If you find it difficult to preach the cross this Easter season, so did Paul. It will never be easy to preach the cross. Even in the lifetime of the apostles, the message of the cross was something that preachers wanted to skip over or minimize.

If your main goal with your Easter sermon is to retain your biggest crowd of 2018, then don’t preach the cross.

If your main goal with your Easter sermon is to impress the non-Christians in the audience with your pop-culture references and casual delivery, then don’t preach the cross.

If your main goal with your Easter sermon is to provide inspiration and motivation for your regular attendees, then don’t preach the cross.

But if your main goal is for people to experience the power of God, then preach Christ crucified, and watch what He does by His Spirit.

Leadership

Looking for Leaders vs Seeing Leaders

February 27, 2018

Identifying LeadersTAGAYTAY, PHILIPPINES—I am enjoying a few days in beautiful Tagaytay for our annual Every Nation Asian Leadership Team (ALT) meeting. The last time Deborah and I were here, it was for my son James’s wedding.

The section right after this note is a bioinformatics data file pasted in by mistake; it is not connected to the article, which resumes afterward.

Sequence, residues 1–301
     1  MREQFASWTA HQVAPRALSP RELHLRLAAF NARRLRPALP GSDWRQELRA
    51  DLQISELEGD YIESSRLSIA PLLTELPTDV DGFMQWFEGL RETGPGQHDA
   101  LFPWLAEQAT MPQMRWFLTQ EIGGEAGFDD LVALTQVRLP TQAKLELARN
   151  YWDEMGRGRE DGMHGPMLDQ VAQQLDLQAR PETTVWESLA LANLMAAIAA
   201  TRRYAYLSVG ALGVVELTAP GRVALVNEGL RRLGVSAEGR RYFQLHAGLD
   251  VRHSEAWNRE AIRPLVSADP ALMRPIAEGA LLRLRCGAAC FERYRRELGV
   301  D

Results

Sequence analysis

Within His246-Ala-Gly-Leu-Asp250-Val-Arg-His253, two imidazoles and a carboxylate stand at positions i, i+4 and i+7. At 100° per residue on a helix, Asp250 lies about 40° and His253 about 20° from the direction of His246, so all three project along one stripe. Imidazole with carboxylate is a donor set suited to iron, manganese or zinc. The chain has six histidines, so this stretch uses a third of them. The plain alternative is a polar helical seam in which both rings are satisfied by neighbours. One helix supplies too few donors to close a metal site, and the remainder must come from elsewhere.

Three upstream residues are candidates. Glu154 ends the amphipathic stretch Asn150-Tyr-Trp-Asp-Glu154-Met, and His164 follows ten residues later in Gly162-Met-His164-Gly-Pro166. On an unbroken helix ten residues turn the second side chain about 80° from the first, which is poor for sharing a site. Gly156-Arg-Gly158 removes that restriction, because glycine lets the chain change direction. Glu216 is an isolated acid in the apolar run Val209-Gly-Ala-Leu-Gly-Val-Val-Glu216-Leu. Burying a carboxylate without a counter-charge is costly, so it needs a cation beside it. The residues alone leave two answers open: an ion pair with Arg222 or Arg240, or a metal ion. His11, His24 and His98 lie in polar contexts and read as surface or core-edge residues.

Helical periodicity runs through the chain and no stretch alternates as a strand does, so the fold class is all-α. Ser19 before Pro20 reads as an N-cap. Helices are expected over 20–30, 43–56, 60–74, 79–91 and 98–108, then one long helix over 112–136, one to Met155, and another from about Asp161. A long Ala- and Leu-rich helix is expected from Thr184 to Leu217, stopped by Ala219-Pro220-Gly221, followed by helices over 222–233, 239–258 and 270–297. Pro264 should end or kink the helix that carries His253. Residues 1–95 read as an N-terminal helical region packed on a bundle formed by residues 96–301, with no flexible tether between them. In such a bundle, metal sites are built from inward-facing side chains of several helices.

Whenever I gather with our leaders from Asia and hear the reports of what God is doing in their cities and nations, I am filled with hope about the future of our movement and the future of the church in Asia. I love the team of leaders we have in Asia. It is so encouraging to see the faithfulness and wisdom of our older generation of leaders and the growth and vision of our emerging crop leaders in the region.

Looking from the outside, you may think: “How lucky we are to have been blessed with such a great team!”

Yes and no.

Yes, I am grateful for the team. Our Asian Leadership Team is amazing.

But no, it is not luck. No good team happens by accident. One of our roles as leaders is to build teams.